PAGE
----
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Big time tendering for a small time extension

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letters

As a practice whose workload is 90 per cent public sector commissions, we are well used to joining in the Dutch Auction of Compulsive Competitive Tendering. However, I offer the following example, probably a 'yellow pages' enquiry, as an example of how this method of selecting professional advice has been adopted for the most modest of projects. I have removed the gentleman's name and address, but the letter is'verbatim'. I have also included our reply:

Request for tender ...

I am intending to have an extension to my property (single-storey garage, porch and kitchen) to be built and completed during this year or next (2000/01). I will be tendering for architectural services to undertake the design and planning for construction and am considering including your company amongst the tenders. I would be grateful of youcould provide the following information:

What services are you able to offer? For example, do youprovide a planning service, including design, gaining planning permission and obtaining building regulation approval? Do you also provide 'overseeing' and inspection services during the construction?

Are you able to provide a free quotation?

Do you offer a firm price quotation? If not, is the final price likely to vary significantly from the quotation? Do you offer a price limit to a percentage variance?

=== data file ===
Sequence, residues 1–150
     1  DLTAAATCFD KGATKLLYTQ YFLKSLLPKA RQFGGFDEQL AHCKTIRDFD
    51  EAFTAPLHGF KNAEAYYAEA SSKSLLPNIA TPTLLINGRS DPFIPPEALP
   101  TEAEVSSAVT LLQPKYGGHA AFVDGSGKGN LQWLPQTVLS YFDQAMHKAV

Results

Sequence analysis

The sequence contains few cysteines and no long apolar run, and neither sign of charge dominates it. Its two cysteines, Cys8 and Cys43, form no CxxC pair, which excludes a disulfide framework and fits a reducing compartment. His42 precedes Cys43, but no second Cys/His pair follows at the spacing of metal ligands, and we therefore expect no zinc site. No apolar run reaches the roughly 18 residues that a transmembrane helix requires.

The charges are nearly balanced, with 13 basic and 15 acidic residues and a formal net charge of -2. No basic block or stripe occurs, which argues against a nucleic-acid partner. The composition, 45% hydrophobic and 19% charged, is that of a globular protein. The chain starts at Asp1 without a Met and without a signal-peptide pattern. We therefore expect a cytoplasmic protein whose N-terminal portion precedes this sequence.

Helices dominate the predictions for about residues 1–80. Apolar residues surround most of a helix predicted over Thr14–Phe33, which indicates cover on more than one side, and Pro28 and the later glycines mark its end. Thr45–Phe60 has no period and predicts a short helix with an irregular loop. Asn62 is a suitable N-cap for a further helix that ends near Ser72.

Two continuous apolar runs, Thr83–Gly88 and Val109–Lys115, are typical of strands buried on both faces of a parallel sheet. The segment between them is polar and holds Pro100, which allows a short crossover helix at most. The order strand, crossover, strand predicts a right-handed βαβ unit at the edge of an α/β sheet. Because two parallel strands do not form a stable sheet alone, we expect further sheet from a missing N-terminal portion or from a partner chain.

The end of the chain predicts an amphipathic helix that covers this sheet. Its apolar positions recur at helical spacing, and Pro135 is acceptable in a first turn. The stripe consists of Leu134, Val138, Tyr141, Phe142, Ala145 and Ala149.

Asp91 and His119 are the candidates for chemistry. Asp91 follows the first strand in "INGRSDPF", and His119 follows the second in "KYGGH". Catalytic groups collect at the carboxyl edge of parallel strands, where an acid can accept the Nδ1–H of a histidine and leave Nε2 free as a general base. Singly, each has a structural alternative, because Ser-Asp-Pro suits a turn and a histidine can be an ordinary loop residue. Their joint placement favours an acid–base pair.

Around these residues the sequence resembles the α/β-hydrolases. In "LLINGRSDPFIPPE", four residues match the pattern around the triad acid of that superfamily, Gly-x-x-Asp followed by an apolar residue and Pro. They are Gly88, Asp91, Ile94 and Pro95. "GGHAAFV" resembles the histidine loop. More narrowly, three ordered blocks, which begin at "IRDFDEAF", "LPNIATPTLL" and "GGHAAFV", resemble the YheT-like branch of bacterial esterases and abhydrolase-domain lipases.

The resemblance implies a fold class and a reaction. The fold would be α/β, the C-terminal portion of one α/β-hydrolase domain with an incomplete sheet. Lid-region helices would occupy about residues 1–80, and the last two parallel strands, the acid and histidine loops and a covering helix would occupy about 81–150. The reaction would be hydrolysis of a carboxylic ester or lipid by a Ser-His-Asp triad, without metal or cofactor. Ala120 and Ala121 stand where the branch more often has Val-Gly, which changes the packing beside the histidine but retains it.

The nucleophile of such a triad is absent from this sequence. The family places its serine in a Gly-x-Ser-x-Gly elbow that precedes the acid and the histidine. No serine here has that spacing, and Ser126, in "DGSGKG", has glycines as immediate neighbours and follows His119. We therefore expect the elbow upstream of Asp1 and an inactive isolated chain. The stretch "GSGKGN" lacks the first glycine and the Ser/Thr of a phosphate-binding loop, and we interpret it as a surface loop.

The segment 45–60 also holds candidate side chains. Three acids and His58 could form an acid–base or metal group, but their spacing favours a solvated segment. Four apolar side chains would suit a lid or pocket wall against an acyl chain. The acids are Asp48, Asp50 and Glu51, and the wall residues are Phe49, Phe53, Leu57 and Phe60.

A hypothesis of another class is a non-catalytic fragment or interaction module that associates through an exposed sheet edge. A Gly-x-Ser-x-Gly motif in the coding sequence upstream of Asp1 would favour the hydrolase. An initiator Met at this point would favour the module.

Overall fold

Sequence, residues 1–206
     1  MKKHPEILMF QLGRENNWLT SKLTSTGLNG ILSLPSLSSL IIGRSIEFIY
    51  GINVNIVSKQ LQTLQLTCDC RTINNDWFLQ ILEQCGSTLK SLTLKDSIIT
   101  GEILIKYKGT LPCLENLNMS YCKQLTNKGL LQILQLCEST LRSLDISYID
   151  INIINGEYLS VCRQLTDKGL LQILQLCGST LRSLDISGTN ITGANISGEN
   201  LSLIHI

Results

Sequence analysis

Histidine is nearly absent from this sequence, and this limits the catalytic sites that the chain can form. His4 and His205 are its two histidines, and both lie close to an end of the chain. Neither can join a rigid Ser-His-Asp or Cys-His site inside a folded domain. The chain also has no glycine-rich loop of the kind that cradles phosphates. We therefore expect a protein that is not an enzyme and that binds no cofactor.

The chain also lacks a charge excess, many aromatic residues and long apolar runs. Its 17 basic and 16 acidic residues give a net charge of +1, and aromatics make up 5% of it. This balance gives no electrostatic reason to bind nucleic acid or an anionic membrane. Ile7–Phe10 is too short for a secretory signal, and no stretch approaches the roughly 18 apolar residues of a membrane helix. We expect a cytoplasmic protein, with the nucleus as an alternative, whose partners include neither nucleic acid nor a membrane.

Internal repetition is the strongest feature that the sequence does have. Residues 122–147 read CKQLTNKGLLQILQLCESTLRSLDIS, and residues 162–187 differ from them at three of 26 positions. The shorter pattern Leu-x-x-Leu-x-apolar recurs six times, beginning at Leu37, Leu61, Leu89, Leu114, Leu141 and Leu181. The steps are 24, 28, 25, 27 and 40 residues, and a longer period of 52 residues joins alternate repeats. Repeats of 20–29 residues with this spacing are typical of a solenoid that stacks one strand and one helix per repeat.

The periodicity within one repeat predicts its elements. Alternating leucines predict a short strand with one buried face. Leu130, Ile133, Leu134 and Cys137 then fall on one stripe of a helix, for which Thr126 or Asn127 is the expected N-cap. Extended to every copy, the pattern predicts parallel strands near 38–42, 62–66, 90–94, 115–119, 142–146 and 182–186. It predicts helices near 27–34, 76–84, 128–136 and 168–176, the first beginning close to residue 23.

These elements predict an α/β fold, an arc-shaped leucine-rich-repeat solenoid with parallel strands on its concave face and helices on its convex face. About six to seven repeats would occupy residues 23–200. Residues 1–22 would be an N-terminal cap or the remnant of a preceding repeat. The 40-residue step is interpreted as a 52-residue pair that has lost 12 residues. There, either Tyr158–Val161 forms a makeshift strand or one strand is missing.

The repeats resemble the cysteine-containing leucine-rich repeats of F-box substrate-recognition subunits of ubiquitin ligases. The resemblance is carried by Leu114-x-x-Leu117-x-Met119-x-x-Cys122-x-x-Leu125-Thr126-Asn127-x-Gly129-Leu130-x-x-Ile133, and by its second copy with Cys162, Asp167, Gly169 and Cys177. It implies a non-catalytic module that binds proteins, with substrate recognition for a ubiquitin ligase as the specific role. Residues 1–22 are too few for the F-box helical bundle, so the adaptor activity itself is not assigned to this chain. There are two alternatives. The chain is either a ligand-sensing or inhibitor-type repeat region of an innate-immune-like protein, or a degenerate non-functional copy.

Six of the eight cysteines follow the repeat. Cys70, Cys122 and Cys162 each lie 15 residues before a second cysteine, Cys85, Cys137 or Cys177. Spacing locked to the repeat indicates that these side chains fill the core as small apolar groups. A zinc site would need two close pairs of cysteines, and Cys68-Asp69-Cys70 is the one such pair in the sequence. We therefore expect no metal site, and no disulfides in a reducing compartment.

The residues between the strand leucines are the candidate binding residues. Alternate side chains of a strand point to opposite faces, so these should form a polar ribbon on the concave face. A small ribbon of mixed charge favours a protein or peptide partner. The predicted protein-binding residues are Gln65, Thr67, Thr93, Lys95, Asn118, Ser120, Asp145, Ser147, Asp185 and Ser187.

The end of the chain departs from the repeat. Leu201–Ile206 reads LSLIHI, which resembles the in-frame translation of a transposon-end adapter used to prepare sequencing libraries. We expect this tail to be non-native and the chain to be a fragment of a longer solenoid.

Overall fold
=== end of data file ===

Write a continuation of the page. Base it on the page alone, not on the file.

Are you able to offer a detailed breakdown of the price quotation?

What accreditation and/or association membership do you hold?

How long has your business been established?

What guarantees and warantees do you offer?

Are you able to providereferences of recently completed work?

Any other relevant information

Polite reply to request ...

Thank you for your letter of 9 March 2000. I am afraid we do not tender for works as you describe. As I am sure you will appreciate, by the time we have met you, taken your brief and calculated the fee, we have already invested an appreciable amount of time. We are then guaranteed to be beaten on cost by somebody working from their back bedroom.

For what is a major investment on your property, I would respectfully suggest that your choice of architect should be driven by quality and value for money, not cost, perhaps a personal recommendation from a friend, neighbour or colleague?

J R Le Good, BBG Architects, Woodstock, Oxfordshire

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